Shortly before the Babylonian captivity King Josiah gave official recognition and sanction to the teachings of the prophets, while the Deuteronomic legislation of the same period strongly emphasized the responsibility of parents for the religious and moral instruction and training of their children. Concerning the words of the law Israel is admonished: "Thou shalt teach them diligently unto thy children, and shalt talk of them when thou sittest in thy house, and when thou walkest by the way, and when thou liest down, and when thou risest up" ( Deuteronomy 6:7; Deuteronomy 11:19 ). For the benefit of children as well as adults the law was to be written "upon the door-posts" and "gates" ( Deuteronomy 6:9; Deuteronomy 11:20 ), and "very plainly" upon "great stones" set up for this purpose upon the hilltops and beside the altars ( Deuteronomy 27:1-8 ). From the Deuteronomic period forward, religious training to the Jew became the synonym of education, while the word Ṭōrāh , which originally denoted simply "Law" ( Exodus 24:12; Leviticus 7:1; Leviticus 26:46 ), came to mean "religious instruction or teaching," in which sense it is used in Deuteronomy 4:44; Deuteronomy 5:1 , "This is the law which Moses set before the children of Israel:... Hear, O I srael, the statutes and the ordinances which I speak in your ears this day, that ye may learn them, and observe to do them"; and in Proverbs 6:23 ,
"For the commandment is a lamp; and the law is light;
And reproofs of instruction are the way of life."
(Compare Psalm 19:8; Proverbs 3:1; Proverbs 4:2 .)
4. Reading and Writing
With the development and reorganization of the ritual, priests and Levites, as the guardians of the law, were the principal instructors of the people, while parents remained in charge of the training of the children. In families of the aristocracy the place of the parents was sometimes taken by tutors, as appears from the case of the infant Solomon, whose training stems to have been entrusted to the prophet Nathan ( 2 Samuel 12:25 ). There is no way of determining to what extent the common people were able to read and write. Our judgment that these rudiments of formal education in the modern sense were not restricted to the higher classes is based upon such passages as Isaiah 29:11 , Isaiah 29:12 , which distinguishes between the man who "is learned" (literally, "knoweth letters") and the one who is "not learned," and Isaiah 10:19 , referring to the ability of a child "to write," taken together with such facts as that the literary prophets Amos and Micah sprang from the ranks of the common people, and that "the workman who excavated the tunnel from the Virgin's Spring to the Pool of Siloam carved in the rock the manner of their work" (Kennedy in HDB ). It should be added that the later Jewish tradition reflected in the Talmud, Targum and Midrash, and which represents both public, elementary and college education as highly developed even in patriarchal times, is generally regarded as altogether untrustworthy.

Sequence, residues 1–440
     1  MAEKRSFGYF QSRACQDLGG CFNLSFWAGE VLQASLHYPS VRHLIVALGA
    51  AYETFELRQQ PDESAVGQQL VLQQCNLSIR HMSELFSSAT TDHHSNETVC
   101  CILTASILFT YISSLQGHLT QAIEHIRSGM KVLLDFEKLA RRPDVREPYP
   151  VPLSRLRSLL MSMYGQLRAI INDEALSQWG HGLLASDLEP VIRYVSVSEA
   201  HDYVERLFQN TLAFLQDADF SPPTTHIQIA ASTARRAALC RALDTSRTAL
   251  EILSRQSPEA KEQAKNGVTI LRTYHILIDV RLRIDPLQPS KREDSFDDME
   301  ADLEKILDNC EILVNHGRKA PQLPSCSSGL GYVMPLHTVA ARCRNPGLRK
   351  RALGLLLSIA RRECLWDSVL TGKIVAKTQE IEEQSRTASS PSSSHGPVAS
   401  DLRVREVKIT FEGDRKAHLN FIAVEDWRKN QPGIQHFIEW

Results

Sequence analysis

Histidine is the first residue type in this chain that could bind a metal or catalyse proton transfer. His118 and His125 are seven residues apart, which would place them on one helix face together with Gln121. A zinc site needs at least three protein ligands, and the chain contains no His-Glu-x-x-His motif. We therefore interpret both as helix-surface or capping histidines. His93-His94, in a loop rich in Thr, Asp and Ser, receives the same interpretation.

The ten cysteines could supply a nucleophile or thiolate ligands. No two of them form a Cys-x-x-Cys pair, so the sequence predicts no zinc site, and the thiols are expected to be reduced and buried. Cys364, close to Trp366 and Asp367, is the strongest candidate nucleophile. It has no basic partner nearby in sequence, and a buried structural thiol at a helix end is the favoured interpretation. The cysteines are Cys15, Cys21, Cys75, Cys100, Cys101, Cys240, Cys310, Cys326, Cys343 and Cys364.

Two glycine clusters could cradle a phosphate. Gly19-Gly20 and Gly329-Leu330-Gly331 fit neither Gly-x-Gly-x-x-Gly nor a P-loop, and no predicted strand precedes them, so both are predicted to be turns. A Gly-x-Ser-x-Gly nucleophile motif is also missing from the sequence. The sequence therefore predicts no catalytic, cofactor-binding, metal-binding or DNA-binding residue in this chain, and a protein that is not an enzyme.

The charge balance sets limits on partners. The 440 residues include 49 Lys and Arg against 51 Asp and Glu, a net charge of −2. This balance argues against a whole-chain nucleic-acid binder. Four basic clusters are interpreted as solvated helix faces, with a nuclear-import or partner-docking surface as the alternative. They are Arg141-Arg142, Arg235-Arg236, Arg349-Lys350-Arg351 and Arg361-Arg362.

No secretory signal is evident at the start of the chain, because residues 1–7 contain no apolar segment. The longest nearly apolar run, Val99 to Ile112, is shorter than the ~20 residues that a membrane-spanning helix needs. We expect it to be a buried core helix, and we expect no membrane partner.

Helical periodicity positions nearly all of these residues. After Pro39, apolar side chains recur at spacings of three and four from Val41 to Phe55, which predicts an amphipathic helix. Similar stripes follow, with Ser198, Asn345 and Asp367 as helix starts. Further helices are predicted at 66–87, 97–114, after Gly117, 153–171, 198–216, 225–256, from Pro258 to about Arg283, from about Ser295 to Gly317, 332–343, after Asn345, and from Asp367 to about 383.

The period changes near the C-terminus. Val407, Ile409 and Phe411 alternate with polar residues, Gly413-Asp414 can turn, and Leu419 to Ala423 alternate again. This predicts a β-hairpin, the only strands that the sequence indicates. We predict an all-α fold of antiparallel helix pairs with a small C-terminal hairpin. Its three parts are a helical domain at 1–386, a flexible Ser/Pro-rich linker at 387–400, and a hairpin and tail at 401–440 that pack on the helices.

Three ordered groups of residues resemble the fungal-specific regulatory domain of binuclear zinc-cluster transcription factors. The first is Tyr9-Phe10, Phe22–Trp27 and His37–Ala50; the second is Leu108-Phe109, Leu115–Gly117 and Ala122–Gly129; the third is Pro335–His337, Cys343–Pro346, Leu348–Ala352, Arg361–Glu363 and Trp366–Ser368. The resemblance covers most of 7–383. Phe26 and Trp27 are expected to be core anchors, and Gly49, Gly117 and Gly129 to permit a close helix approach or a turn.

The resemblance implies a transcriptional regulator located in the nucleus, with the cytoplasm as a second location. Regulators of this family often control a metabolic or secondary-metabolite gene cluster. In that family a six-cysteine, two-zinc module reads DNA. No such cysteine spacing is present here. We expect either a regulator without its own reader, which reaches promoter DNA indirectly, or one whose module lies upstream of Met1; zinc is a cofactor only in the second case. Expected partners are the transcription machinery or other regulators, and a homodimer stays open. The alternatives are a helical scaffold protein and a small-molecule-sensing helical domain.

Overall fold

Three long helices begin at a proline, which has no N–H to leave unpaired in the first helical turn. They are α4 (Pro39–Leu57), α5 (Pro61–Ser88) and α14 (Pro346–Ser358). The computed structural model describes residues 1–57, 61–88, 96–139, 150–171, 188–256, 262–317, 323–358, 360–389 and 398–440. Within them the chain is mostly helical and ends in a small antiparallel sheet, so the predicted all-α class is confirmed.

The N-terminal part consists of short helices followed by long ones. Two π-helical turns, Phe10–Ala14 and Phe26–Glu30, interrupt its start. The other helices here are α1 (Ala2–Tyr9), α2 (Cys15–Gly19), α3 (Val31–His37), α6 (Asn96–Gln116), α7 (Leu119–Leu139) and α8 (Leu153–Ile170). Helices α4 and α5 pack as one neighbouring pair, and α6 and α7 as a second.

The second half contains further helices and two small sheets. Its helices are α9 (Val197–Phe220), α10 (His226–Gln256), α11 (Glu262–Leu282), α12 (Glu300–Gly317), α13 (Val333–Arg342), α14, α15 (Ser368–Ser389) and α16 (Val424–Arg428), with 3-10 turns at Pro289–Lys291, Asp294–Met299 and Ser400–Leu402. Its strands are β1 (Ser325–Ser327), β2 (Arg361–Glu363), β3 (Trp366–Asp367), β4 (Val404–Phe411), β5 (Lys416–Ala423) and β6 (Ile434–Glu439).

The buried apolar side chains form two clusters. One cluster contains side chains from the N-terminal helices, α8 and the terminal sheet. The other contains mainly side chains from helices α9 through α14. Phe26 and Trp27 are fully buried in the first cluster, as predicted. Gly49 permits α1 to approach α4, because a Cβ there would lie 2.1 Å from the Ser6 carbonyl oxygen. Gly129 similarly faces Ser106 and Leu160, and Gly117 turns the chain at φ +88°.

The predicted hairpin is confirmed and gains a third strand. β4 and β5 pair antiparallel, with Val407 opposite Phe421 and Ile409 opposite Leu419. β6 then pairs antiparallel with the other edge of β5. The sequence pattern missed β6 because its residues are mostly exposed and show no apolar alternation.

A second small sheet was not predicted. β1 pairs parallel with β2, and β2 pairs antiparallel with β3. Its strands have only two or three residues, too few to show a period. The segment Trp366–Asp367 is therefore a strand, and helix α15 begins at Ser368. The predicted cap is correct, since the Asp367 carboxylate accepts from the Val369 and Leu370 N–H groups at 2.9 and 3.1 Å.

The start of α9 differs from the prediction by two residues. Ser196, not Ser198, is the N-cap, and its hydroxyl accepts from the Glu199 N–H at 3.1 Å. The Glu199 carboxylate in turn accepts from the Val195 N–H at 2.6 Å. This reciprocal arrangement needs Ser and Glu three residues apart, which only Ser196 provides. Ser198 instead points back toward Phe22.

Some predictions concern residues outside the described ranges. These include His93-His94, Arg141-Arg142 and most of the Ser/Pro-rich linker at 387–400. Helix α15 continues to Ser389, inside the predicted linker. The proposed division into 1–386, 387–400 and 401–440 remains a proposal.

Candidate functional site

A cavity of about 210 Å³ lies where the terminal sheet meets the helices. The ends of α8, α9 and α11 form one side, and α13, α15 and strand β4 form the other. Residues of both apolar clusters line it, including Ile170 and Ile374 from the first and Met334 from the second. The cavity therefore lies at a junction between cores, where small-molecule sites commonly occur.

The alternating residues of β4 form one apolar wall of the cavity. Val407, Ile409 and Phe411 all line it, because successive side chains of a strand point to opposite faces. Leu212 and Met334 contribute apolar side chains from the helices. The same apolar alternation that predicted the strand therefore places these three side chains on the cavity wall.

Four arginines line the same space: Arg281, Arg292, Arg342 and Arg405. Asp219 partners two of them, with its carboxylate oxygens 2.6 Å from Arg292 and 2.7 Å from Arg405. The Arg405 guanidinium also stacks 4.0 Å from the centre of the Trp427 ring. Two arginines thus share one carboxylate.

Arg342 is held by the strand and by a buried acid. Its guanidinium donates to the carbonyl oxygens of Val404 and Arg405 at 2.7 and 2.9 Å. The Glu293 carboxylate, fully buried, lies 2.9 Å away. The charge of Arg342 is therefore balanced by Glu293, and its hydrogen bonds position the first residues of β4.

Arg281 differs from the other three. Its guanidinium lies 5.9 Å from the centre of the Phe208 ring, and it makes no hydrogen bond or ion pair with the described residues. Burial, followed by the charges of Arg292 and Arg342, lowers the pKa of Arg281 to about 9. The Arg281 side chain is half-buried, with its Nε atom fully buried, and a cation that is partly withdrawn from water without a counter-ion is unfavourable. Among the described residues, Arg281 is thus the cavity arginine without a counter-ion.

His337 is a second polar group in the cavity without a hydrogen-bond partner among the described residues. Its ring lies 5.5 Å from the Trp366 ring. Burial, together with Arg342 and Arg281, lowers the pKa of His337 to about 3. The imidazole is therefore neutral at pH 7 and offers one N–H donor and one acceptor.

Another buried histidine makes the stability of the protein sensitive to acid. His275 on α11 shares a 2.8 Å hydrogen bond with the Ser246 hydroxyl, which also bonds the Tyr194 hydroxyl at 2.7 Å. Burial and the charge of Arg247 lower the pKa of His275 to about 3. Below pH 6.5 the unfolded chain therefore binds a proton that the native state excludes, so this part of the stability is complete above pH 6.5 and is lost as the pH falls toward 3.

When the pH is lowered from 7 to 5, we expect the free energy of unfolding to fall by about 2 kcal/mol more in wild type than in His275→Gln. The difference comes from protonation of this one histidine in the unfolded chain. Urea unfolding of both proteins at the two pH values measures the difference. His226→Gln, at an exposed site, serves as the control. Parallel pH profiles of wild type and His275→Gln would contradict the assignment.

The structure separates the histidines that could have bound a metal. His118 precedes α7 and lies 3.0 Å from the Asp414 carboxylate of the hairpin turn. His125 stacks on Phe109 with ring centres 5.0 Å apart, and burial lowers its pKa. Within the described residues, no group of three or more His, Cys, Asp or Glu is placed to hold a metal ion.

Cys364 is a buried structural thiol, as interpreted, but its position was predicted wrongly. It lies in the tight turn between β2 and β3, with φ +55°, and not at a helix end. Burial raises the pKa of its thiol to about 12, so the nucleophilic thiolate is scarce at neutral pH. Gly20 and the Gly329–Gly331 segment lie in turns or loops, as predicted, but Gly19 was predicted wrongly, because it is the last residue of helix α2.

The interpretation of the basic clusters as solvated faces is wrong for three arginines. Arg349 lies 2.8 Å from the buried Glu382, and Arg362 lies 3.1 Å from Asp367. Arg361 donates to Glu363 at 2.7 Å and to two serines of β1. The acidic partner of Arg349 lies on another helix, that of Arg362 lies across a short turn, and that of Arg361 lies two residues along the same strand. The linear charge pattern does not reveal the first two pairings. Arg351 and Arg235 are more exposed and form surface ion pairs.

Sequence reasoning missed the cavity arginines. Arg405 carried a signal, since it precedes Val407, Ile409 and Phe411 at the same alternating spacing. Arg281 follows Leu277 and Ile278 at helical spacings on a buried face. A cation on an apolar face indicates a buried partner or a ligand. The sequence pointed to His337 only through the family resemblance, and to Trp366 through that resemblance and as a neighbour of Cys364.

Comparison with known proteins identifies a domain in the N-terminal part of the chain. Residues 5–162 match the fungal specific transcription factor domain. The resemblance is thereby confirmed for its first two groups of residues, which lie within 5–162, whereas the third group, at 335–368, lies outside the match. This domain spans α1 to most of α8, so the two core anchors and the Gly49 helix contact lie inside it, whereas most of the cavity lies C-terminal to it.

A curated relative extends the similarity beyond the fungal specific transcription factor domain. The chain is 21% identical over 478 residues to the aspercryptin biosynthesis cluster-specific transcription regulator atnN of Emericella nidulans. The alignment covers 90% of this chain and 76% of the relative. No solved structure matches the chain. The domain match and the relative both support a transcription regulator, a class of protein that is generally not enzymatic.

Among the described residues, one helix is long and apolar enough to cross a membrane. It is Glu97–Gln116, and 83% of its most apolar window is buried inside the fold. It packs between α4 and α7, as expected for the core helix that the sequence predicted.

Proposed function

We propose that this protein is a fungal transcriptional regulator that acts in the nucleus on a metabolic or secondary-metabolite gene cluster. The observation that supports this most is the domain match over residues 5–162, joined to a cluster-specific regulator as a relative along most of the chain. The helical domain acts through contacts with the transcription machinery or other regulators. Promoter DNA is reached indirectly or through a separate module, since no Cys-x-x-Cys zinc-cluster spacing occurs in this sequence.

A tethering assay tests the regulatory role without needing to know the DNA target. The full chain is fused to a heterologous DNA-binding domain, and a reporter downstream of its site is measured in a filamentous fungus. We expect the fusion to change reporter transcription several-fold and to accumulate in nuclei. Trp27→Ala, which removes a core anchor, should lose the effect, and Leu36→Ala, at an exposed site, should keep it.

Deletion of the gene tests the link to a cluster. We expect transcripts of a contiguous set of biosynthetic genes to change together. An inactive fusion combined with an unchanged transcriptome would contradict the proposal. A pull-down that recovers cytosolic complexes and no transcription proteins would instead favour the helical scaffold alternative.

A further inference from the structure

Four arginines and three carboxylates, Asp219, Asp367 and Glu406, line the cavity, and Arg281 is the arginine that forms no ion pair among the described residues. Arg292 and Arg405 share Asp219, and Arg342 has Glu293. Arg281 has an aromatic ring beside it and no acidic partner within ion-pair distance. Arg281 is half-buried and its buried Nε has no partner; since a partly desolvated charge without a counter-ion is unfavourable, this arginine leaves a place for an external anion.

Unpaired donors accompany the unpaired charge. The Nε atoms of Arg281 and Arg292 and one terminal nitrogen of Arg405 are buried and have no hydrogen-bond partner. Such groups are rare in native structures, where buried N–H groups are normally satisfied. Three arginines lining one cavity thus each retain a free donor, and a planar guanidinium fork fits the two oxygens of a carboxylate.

III. Education in Later Israel
The national disaster that befell the Hebrew people in the downfall of Jerusalem and the Babylonian captivity was not without its compensating, purifying and stimulating influence upon the religious and educational development of the nation. Under the pressure of adverse external circumstances the only source of comfort for the exiled people was in the law and covenant of Yahweh, while the shattering of all hope of immediate national greatness turned the thought and attention of the religious leaders away from the present toward the future. Two types of Messianic expectation characterized the religious development of the exilic period. The first is the priestly, material hope of return and restoration reflected in the prophecies of Ezekiel. The exiled tribes are to return again to Jerusalem; the temple is to be restored, its ritual and worship purified and exalted, the priestly ordinance and service elaborated. The second is the spiritualized and idealized Messianic expectation of the Second Isaiah, based on teachings of the earlier prophets. For the greatest of Hebrew prophets Yahweh is the only God, and the God of all nations as well as of Israel. For him Israel is Yahweh's servant, His instrument for revealing Himself to other nations, who, when they witness the redemption of Yahweh's suffering Servant, will bow down to Yahweh and acknowledge His rule. "Thus the trials of the nation lead to a comprehensive universalism within which the suffering Israel gains an elevated and ennobling explanation" (Ames, PRE , 185). In the prophetic vision of Ezekiel we must seek the inspiration for the later development of Jewish ritual, as well as the basis of those eschatological hopes and expectations which find their fuller expression in the apocalypse of Daniel and the kindred literature of the later centuries. The prophecies of the Isaiahs and the Messianic hope which these kindled in the hearts of the faithful prepared the way for the teachings of Jesus concerning a Divine spiritual kingdom, based upon the personal, ethical character of the individual and the mutual, spiritual fellowship of believers.